Priority areas are geographic sites or regions where air quality is of particular concern. We identify priority areas to allow for a focused effort to improve air quality and engage the community. Once designated as a priority area, regulations or management plans may be developed to protect public health.
Priority area designations are based on several categories, including whether local air quality meets or “attains” the National Ambient Air Quality Standards (NAAQS).
There are several types of priority areas throughout our state:
- Nonattainment areas—Areas that have or are currently violating the NAAQS and have been designated as nonattainment by EPA.
- Maintenance areas—Nonattainment areas that have met all requirements under the Clean Air Act and have been redesignated as attainment areas with a maintenance plan by EPA.
- PM Advance areas—Communities participating in EPA’s PM Advance Program.
- Areas of concern—Areas where the current air quality is approaching NAAQS and the area is experiencing or expecting to see growth.
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With the efforts of staff and Idaho communities, there are no nonattainment areas.
Franklin County Partial County —PM2.5
In 2009, EPA designated a portion of Franklin County in southeastern Idaho as nonattainment for the 2006 particulate matter (PM2.5) NAAQS. The Logan, UT/ID nonattainment area includes part of Cache County, Utah. The Cache Valley encompasses a bowl-shaped, topographically isolated valley that experiences wintertime inversions that trap cold air and pollutants near the ground resulting in poor air quality, which can last many days.
Since 2009, DEQ has worked with the local officials and the Franklin County community to improve air quality. Efforts included residential wood heating open burning ordinances and road sanding agreements with the county.
In 2017, DEQ obtained a Targeted Airshed Grant from EPA to address PM2.5 emissions on the Idaho side of this nonattainment area. This grant addresses emissions from residential wood heating and vehicle emissions. See more information on projects funded by this grant.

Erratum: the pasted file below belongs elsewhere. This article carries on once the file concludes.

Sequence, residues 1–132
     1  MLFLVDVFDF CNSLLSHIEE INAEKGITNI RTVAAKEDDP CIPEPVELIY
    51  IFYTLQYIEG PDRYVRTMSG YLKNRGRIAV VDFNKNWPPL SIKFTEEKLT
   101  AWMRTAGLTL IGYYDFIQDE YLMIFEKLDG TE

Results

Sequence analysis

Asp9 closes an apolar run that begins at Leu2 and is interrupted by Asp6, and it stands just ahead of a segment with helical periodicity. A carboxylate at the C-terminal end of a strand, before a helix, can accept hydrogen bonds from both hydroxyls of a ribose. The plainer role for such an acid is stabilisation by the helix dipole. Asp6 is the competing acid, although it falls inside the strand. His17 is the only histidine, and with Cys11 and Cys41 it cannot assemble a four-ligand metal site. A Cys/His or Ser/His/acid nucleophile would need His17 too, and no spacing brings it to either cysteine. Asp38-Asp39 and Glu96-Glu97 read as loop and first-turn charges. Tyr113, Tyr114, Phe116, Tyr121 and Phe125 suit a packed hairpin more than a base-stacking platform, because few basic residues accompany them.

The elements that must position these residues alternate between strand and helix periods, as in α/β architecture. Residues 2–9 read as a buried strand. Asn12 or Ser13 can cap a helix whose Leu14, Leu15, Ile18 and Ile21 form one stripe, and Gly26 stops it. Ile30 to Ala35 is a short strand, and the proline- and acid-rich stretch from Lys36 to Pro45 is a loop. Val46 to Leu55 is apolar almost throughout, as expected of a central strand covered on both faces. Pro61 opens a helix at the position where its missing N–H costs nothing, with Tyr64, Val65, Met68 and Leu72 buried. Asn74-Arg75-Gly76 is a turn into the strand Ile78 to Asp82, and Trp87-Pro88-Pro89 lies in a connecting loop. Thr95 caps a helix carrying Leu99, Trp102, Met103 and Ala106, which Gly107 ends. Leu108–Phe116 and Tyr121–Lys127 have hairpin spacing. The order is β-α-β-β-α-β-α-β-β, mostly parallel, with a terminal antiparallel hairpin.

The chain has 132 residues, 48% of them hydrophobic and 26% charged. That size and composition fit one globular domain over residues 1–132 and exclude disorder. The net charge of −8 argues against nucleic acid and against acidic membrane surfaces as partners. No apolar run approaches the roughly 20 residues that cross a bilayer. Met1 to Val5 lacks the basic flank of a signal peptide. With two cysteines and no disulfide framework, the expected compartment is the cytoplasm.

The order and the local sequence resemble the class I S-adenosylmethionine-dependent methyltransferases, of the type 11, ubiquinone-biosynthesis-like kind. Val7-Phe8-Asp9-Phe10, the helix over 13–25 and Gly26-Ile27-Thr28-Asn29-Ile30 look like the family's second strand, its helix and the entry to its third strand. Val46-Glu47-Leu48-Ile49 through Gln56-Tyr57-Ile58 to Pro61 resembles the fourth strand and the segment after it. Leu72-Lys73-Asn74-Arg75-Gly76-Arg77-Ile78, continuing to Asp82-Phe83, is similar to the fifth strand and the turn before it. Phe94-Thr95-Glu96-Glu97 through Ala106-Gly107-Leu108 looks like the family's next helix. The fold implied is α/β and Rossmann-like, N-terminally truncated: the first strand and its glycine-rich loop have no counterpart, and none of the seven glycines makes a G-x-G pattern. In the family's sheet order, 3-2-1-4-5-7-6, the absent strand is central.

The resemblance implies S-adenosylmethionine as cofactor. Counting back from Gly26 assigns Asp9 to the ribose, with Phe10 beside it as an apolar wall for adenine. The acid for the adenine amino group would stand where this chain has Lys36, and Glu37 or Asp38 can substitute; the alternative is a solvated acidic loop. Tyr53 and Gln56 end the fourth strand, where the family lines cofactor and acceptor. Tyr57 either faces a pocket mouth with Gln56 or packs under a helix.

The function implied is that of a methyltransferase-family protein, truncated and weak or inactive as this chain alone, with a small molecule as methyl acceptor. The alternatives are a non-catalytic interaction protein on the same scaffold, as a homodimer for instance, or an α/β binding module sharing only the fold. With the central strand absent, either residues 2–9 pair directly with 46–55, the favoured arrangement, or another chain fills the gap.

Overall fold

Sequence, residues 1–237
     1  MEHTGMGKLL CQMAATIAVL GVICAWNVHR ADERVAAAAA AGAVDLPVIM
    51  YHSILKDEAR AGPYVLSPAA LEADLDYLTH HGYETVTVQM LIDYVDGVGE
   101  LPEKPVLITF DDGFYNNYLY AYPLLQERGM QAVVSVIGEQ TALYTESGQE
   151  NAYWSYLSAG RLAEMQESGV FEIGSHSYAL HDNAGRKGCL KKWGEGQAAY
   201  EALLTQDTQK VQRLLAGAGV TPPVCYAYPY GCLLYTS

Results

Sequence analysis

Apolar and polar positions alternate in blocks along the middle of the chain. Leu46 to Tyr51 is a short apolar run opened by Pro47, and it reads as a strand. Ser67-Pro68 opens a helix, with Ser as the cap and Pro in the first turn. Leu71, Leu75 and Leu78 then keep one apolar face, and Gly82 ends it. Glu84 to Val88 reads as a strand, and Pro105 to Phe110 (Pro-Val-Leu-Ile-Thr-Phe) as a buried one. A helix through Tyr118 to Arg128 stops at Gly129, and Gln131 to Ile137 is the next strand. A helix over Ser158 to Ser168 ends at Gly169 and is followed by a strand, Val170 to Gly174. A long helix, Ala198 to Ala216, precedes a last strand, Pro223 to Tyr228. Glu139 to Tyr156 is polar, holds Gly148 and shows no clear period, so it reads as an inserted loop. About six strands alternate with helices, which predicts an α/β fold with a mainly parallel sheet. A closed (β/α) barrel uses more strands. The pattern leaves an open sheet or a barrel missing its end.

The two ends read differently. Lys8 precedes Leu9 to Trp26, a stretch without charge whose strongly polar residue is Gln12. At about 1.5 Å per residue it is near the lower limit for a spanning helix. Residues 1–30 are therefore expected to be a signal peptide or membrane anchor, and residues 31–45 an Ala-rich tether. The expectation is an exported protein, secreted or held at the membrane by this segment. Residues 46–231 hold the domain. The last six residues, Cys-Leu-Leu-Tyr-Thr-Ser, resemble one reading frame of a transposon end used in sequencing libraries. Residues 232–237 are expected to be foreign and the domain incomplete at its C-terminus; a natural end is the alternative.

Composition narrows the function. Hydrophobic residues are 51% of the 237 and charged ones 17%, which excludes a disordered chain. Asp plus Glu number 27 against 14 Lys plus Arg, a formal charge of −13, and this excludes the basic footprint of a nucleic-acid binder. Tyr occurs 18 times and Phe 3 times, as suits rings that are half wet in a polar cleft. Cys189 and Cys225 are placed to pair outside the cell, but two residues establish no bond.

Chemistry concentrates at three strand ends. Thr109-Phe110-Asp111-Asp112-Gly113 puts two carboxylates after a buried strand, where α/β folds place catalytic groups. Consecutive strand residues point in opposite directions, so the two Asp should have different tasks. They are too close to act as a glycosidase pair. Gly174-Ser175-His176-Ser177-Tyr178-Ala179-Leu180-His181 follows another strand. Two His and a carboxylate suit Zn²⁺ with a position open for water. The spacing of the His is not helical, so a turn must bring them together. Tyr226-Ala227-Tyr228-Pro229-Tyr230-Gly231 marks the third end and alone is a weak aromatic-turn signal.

These efforts proved successful, and in 2018, EPA determined that the area met the 2006 PM2.5 NAAQS and redesignated the area to an attainment area with a maintenance plan in 2021. See the Summary of the Franklin County (Logan Utah/Idaho) PM2.5 Redesignation and Maintenance Plan.
Located in Bonner County, the Sandpoint area rests on the northwest corner of Lake Pend Oreille within the Panhandle National Forest. The topography influences much of the particulate matter (PM) buildup in the area. In 1990, the area was designated as nonattainment for the 1987 PM10 NAAQS. Residential wood heating, fugitive road dust, and industrial sources were primary contributors.
Since 1990, the area has made significant improvements in air quality. In 2010, EPA determined that the area met the NAAQS and was redesignated to an attainment area with a limited maintenance plan in 2013. See a Summary of the Sandpoint PM10 Limited Maintenance Plan.
The Pinehurst area is located in Shoshone County, near the Coeur d’Alene and St. Joe National Forests. The area’s topography is a significant factor in the buildup of pollutants, including PM10 from residential wood heating and fugitive road dust.
Pinehurst was designated as nonattainment for the 1987 PM10 NAAQS, upon enactment of the Clean Air Act Amendments of 1990. In 1993, EPA expanded the area by designating the Pinehurst PM10 expansion nonattainment area, a contiguous area south of the city, and the existing Pinehurst PM10 NAA.
Since 1993, significant reductions in PM10 emissions resulted in EPA determining both areas met the NAAQS. In 2018, both nonattainment areas were redesignated as attainment with a limited maintenance plan. Both the attainment and maintenance plans rely on control strategies for residential wood heating, including a woodstove changeout program, home weatherization, voluntary woodstove curtailment, and outreach and education. See the Summary of the Pinehurst PM10 Limited Maintenance Plan and Redesignation for additional information.
The Portneuf Valley encompasses Pocatello, Chubbuck, and surrounding areas and was designated as nonattainment for the 1987 PM10 NAAQS in 1990. It was formerly the Power/Bannock County PM10 area, which was split into the Portneuf Valley and federal Fort Hall PM10 areas. The area is prone to wintertime inversions that trap pollutants near the ground. Road dust, industrial sources, and residential wood heating are the primary emissions sources. Since 1990, significant improvements have been made, and, in 2002, EPA determined the area met the NAAQS. In 2006, the area was designated as attainment with a maintenance plan. See the Summary of the Portneuf Valley PM10 Maintenance Plan for additional information.
Northern Ada County—Carbon Monoxide (CO) and PM10